Recession stalls firms’ carbon footprint cuts
7 December 2009 | By Luke McLeod-Roberts
14 May 2013
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9 October 2013
Many of the UK’s major law firms have reduced their carbon footprints over the last financial year, but the economic downturn has been singled out as an obstacle to further progress.
Law firm network the Legal Sector Alliance (LSA), which seeks to establish best practice for the profession, has published a survey of its members, which together represent around a quarter of the solicitors in England and Wales.
The report, which has been launched to coincide with the Copenhagen negotiations for the next stage of the Kyoto protocol, indicates that 35 per cent of respondents achieved reductions in their carbon footprint during 2008-09, while more than half (55 per cent) anticipate carbon reductions during the coming year.
LSA chair Sir Nigel Knowles said: “The LSA is an outstanding example of what can be achieved by adopting a collaborative approach to combating climate change.”
Firms indicated that energy savings had been made by switching off computers, turning down heating, introducing energy-efficient lighting and air conditioning, encouraging employees to keep travel diaries, calculating individual employee carbon footprints and recycling IT equipment.
However, the report states that the downturn and apathetic employees have prevented further advancement. “The adverse business impacts of the current economic environment contributed to many organisations reporting that the payback period for investment in energy-efficient and sustainable products and services can be too long,” says the report. “One global organisation highlighted that the recession had contributed to increased business travel as employees were increasingly working with clients in other jurisdictions.”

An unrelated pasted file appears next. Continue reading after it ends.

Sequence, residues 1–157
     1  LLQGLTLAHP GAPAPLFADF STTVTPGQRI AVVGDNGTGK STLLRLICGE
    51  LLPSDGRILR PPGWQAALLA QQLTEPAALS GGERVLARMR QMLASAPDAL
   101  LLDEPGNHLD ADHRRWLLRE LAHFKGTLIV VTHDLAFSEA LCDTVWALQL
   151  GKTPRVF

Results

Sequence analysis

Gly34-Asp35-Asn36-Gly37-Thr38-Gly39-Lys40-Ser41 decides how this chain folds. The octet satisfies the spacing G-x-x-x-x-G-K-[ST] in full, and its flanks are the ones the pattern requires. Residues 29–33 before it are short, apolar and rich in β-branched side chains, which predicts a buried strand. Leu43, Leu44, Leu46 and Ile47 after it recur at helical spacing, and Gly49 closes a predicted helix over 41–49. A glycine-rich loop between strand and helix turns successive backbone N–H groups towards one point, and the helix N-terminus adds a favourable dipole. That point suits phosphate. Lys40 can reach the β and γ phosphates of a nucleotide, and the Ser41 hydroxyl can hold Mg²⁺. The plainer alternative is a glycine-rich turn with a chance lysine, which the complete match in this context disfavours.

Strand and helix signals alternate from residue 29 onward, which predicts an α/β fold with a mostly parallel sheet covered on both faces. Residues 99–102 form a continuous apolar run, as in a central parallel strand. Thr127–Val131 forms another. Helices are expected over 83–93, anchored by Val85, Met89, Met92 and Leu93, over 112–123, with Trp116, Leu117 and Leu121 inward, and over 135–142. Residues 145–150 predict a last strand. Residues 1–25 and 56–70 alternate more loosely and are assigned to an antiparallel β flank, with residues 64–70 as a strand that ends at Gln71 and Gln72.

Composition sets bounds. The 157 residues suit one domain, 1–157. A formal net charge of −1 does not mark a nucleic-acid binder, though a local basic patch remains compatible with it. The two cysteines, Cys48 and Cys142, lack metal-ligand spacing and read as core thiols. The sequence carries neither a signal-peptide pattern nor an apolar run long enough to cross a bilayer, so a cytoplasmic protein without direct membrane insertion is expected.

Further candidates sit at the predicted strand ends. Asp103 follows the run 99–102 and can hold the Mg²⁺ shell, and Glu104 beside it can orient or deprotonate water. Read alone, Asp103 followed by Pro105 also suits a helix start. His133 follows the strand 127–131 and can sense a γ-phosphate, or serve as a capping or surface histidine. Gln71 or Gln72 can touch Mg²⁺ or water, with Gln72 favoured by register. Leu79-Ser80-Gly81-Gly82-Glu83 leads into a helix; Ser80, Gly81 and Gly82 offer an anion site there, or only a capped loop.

But Andrew Whitehead, head of the energy practice at LSA founder member Martineau argued that there should not just be a simple trade-off between economic savings and carbon reduction. “Firms should be doing things which both reduce their carbon footprint and improve their bottom line at the same time,” he said. “However, [it is more difficult in the current economic climate] to make capital expenditure such as greening your energy supplier.”
And many LSA members have pointed to the limited control they have over rented office space. “Seventy to 80 per cent of a firm’s carbon footprint is associated with its building,” said Whitehead. “Unless you downgrade the building, it doesn’t matter whether you reduce your total number of staff, you’ve still got that cost.”
However this may change with the implementation of the Carbon Reduction Commitment (CRC), which will be introduced by the UK Government from April 2010.
The scheme will oblige all firms whose electricity consumption is above a certain threshold to report their usage. Firms will have to forecast their consumption and buy allowances at £12 per tonne of carbon dioxide emitted. All businesses will have their results published in a league table.
Firms in managed premises may try to avoid the potentially complex reporting process, but the costs could still be passed on to them by their landlords.
Climate change is an increasingly important practice area for UK firms, according to the report. Around 43 per centof respondents advised clients “on opportunities and obligations arising from and under climate change law.” Allen & Overy, Linklaters and SJ Berwin are among the LSA’s City members that have advised on measures such as carbon trading and the clean development mechanism. In contrast, the LSA’s high street members often said that they had not provided advice in this area because it is not relevant to their area of work.
However, Whitehead said that this group of smaller firms could be missing a trick. “If you’re a high street practice advising on conveyancing you’ve got to think about the physical impact of climate change [and issues such as] installing photovoltaic panels and what happens when you move house.”
Last year the inaugural ranking of LSA firm footprints revealed that Allen & Overy, Lovells, Slaughter and May and Freshfields Bruckhaus Deringer had the largest carbon footprints per member of staff (The Lawyer, 11 December, 2008). The 18 founder members of the LSA will publish their latest carbon footprints later this month.
Law firms’ Green measures
Communication and employee engagement: Awareness days, emails, intranet pages, weekly newsletters and posters highlighting ‘green’ best practice. Incorporation of
sustainability training into employee induction process. Appointment of green champions in each office and environmental work included in pro bono activity.
Client advice: Assistance through client briefings, newsletters and e-bulletins, issues-specific publications and articles, presentations, seminars and workshops.